NATO chief acknowledges Türkiye’s ‘very important work’ to open corridor for Ukrainian grain

Jens Stoltenberg is confident that NATO will find consensus on Türkiye's security concerns related to Sweden's, Finland's membership

2022-06-22 19:06:37


NATO chief Jens Stoltenberg praised on Wednesday Türkiye for doing “very important work” to open an export corridor for grain shipments from Ukraine. 

“Türkiye does a very important work in facilitating to get grain out from Ukraine,” Stoltenberg told an event organized by the Politico news outlet.

The remarks came in reaction to Ankara's diplomatic efforts to prevent the global food crisis by opening an export corridor for grain shipments that have been blocked by Russia at Black Sea ports.

Stoltenberg also explained that he is confident that NATO allies will find a consensus on Türkiye's security concerns raised about Sweden's and Finland's NATO membership applications.

He acknowledged that Türkiye suffered the most terror attacks among NATO countries.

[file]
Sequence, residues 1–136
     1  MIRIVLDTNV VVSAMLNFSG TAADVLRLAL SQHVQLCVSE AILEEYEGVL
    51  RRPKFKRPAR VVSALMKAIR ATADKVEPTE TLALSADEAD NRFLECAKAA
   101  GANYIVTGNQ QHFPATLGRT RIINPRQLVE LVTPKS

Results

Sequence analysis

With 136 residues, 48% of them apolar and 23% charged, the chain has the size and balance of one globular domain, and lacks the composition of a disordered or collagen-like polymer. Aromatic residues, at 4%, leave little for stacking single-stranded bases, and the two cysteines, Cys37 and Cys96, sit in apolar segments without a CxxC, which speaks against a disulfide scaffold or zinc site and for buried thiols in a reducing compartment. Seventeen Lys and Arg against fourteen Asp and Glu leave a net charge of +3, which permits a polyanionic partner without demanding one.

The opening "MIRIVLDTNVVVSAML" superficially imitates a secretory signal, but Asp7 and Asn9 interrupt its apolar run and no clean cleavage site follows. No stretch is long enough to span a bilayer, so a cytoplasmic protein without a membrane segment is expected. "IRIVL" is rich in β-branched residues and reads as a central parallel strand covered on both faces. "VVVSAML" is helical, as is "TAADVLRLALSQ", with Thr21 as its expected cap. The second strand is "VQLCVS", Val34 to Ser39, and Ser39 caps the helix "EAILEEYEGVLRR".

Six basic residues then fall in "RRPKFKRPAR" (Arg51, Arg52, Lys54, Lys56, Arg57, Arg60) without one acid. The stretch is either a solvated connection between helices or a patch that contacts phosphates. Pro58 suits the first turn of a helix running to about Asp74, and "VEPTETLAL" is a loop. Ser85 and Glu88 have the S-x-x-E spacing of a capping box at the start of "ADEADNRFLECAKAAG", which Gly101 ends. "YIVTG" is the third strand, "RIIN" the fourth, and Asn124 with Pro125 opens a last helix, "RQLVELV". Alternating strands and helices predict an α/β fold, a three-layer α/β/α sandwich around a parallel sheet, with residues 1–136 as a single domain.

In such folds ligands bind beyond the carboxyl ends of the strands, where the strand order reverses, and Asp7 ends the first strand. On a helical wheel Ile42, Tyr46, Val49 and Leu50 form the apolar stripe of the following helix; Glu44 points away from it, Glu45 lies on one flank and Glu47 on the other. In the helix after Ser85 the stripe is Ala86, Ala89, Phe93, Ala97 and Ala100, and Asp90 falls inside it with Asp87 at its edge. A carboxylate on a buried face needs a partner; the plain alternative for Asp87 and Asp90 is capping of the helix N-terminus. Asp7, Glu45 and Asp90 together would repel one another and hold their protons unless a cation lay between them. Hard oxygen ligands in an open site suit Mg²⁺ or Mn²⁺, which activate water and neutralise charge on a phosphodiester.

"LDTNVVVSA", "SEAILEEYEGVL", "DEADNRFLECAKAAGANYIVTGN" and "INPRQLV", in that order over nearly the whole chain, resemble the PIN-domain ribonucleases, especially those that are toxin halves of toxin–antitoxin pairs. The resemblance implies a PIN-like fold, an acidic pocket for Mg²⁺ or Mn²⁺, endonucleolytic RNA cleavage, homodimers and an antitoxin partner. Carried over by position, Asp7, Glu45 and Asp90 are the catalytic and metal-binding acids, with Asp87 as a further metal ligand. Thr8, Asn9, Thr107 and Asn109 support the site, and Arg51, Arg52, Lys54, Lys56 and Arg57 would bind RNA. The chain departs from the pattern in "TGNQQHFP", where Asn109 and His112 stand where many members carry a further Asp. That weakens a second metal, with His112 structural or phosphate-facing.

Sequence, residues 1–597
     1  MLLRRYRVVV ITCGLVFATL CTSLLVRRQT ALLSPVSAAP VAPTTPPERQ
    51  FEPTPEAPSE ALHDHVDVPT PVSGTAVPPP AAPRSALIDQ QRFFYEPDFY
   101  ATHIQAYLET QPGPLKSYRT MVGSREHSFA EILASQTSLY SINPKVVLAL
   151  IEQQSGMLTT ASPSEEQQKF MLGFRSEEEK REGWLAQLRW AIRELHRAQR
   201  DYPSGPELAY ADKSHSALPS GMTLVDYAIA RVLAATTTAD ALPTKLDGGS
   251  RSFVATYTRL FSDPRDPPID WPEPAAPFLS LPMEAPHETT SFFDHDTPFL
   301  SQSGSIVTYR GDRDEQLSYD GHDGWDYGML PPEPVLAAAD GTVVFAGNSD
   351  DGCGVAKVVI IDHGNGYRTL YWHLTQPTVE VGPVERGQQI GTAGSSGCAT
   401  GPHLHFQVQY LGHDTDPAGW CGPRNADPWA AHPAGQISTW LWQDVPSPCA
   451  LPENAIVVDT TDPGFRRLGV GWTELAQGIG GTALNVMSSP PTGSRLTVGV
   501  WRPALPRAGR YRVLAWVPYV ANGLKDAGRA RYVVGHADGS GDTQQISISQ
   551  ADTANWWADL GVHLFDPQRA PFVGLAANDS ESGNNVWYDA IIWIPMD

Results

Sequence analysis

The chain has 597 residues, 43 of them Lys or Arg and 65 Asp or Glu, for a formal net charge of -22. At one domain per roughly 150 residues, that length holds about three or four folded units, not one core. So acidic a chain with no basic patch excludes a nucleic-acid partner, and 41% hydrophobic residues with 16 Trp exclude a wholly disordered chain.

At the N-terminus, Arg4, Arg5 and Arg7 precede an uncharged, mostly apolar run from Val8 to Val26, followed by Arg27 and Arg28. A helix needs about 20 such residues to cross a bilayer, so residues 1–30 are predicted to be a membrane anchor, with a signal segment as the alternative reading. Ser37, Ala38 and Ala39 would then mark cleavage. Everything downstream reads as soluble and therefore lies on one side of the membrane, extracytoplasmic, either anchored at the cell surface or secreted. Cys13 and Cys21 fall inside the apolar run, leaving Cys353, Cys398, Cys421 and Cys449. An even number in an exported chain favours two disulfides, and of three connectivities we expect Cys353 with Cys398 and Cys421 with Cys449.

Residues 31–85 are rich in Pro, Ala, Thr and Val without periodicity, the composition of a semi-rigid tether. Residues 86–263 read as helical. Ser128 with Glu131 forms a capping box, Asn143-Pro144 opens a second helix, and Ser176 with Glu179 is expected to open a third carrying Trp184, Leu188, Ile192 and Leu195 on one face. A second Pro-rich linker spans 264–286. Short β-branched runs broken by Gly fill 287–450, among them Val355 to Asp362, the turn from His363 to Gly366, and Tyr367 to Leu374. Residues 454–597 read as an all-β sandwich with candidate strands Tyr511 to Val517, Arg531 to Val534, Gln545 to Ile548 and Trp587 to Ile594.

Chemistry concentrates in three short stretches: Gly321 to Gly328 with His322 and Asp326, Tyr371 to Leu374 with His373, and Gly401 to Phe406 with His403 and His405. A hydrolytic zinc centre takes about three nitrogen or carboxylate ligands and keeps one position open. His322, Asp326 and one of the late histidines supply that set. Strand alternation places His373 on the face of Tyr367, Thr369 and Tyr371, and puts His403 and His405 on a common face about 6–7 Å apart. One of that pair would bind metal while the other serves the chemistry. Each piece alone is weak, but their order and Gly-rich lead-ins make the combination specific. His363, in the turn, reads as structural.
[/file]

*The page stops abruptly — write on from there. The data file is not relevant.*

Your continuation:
Türkiye is of “great importance for our Alliance since it is bordering Iraq and Syria” and it “has played and is still playing a key role in the fight against terrorism,” Stoltenberg said.

He stressed that it is natural that NATO countries have disagreements as they make part of an alliance of “30 different nations with different political parties in power, different history, different geography.”

Stoltenberg also said allies had differences all through NATO's history, but in the end, they “always agree on essential issues" and "are ready to defend each other.”

Sweden and Finland formally applied to join NATO last month, a decision spurred by Russia's war on Ukraine, which began on Feb. 24.

But Türkiye, a longstanding member of the alliance, has voiced objections to the membership bids, criticizing the countries for tolerating and even supporting terrorist groups, particularly the PKK terror group. In its more than 35-year terror campaign against Türkiye, the PKK has been responsible for the deaths of over 40,000 people.